Despite these predictions, the evidence from experimental studies of parasite local adaptation is mixed at best. Some studies show the adaptation to local hosts we’d expect, but some studies don’t. One reason for the lack of consistent evidence is that parasite dispersal between habitats can limit the ability of parasites to adapt. To help explain that I’ll use a comparison to cooking. If you are cooking a dish and you want to make it spicier you add in more spice. But imagine that when you add in that spice, you are also adding a lot of cream. The dish could be spicy, because you are adding spice, but the cream is diluting the spice and masking any potential heat. That is what parasite dispersal does to local adaptation: parasites within a given habitat (the dish) may have the ability to adapt to their hosts (become spicier), but because parasites from other habitats (the cream) are coming into their habitat and diluting those adaptations it masks any overall adaptation to the host (never gets spicy). Today’s authors therefore wanted to test how parasite dispersal affected local adaptation to hosts.
Image Credit: Andreas Kay, CC BY-NC-SA 2.0, Image Cropped
Specifc parasites indirectly influence niche occupation of non‑hosts community members (2018) Fernandes Cardoso et al., Oecologia, https://doi.org/10.1007/s00442-018-4163-x
One of the oldest questions in community ecology is why do some species seem to co-occur with one another, while others don’t? Two hypotheses have been put forward to explain why this happens: environmental filtering and niche partitioning. Environmental filtering is when some abiotic feature of a given environment – such as the temperature or oxygen levels – prohibits some species from ever living in the same location as another. A very broad (and overly simplistic) example of this is that you would never see a shark living in the same habitat as a lion, because the shark needs to live in the ocean and the terrestrial Savannah of Africa where lions are found “filter” the sharks out. Niche partitioning, on the other hand, involves species adapting to specialize on a given part of the environment, thus lessening competition for a niche by dividing it up. You can see this with some of Darwin’s Finches, which adapted differently-sized beaks to feed on differently-sized seeds. They all still eat seeds, but they are not eating the same seeds.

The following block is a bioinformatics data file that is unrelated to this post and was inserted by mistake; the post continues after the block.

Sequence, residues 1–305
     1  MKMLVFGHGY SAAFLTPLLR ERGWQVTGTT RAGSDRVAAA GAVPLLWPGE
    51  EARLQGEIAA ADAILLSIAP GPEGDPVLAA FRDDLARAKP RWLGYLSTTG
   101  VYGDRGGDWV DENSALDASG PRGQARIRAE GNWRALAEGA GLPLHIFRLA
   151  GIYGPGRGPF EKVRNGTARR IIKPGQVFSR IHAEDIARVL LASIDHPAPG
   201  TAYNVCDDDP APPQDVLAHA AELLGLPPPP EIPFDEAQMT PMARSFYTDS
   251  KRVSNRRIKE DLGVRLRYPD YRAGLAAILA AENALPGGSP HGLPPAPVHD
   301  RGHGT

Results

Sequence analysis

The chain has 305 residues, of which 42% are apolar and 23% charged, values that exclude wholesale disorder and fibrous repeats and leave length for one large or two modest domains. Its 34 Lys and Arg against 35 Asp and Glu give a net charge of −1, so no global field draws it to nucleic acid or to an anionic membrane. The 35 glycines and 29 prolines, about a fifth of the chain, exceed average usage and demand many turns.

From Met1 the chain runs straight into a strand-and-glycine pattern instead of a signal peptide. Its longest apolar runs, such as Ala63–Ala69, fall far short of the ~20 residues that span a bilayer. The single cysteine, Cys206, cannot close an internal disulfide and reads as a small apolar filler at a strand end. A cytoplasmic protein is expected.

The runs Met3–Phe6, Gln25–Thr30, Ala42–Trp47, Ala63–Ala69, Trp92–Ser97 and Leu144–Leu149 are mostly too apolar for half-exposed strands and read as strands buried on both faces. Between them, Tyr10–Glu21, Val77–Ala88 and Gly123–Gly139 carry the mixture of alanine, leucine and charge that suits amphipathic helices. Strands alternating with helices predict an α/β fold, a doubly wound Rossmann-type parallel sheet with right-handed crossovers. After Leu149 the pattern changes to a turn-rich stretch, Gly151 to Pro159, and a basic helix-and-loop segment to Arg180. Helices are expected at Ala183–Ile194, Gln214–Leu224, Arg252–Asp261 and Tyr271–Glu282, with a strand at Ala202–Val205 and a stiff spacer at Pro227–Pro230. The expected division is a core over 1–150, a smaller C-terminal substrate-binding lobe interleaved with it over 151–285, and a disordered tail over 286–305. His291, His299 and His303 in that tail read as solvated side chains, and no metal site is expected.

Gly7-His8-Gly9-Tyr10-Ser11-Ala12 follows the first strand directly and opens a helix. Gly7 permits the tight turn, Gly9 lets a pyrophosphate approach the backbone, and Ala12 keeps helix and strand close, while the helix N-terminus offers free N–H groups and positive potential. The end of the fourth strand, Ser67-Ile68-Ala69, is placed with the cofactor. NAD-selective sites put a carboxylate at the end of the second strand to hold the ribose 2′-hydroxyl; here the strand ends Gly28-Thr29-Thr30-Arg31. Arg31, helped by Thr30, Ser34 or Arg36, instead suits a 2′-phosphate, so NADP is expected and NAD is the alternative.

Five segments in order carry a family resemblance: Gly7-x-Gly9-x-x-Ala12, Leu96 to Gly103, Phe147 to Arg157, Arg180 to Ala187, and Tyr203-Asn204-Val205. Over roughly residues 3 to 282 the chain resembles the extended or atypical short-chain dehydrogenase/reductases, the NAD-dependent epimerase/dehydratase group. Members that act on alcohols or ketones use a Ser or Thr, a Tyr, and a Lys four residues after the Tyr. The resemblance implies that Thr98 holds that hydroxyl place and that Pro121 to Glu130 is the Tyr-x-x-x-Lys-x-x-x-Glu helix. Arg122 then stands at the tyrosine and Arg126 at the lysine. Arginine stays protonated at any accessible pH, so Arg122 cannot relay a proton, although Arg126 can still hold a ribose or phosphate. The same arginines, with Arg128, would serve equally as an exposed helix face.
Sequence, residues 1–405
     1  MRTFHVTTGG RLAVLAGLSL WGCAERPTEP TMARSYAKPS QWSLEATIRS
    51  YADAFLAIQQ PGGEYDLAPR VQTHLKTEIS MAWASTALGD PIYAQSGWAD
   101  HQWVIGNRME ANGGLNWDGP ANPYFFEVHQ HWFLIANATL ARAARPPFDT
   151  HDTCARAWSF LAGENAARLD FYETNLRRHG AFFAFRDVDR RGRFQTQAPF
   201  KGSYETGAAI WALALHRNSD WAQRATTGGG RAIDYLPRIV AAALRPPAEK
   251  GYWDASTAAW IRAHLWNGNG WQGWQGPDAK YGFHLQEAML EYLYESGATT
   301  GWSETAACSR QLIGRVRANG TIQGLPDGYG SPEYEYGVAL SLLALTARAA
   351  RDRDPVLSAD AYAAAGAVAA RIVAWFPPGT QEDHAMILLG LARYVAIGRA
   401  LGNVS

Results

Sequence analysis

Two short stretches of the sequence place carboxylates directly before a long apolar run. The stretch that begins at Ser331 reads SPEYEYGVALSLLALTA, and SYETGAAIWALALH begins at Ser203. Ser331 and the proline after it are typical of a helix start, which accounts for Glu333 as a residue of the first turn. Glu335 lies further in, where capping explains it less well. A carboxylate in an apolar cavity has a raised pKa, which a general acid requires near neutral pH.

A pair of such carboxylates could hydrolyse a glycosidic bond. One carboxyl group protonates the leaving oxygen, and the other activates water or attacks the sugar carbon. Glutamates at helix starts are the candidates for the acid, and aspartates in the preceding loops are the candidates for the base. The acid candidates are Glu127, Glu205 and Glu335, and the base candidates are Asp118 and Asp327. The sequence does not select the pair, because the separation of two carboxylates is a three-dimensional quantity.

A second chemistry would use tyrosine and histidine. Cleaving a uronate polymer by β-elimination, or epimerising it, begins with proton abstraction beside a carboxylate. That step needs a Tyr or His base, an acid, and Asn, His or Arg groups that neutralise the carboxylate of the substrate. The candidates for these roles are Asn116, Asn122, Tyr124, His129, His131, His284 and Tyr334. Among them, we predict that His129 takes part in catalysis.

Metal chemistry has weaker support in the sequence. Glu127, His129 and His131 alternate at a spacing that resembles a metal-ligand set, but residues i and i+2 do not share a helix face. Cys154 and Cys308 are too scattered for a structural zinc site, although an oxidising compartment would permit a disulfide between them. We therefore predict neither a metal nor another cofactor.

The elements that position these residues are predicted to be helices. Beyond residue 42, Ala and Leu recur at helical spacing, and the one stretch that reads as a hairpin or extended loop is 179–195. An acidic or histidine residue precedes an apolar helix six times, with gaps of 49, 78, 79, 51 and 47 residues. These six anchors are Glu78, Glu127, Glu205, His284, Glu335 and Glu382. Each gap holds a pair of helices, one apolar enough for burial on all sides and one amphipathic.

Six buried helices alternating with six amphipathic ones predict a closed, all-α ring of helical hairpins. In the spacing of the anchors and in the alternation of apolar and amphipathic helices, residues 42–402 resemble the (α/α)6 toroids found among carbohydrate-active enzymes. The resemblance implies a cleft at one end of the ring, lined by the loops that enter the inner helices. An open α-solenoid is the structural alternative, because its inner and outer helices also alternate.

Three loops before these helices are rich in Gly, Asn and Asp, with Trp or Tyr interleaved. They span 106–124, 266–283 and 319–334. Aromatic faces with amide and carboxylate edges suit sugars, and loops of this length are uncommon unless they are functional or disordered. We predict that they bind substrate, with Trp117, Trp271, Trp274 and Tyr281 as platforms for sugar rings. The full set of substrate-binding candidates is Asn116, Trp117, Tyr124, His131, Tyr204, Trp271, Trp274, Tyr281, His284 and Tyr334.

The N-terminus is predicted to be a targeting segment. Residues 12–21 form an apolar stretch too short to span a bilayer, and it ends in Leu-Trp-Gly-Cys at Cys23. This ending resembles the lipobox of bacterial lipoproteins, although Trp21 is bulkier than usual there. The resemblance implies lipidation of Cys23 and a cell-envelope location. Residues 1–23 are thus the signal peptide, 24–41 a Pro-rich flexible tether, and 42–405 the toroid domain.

Interactions with other organisms, either direct or indirect, can also influence which species co-occur. If one species can out-compete another, they likely won’t be able to co-occur because the better competitor will take most of the resources, forcing the other out. This can all change, however, if a third organism affects the competitive ability of the superior competitor, allowing the inferior competitor to persist despite its lesser ability.
Today’s authors used two spider species to study community assembly and how it may be affected by a fungal parasite. Chrysso intervales (hereafter inland spiders) builds webs further away from rivers, while Helvibis longicauda builds webs close to the river (hereafter river spiders). Interestingly, only the river spiders are infected with the fungal parasite, thus they investigated how interactions between the two spiders may be mediated by this fungal parasite. Read more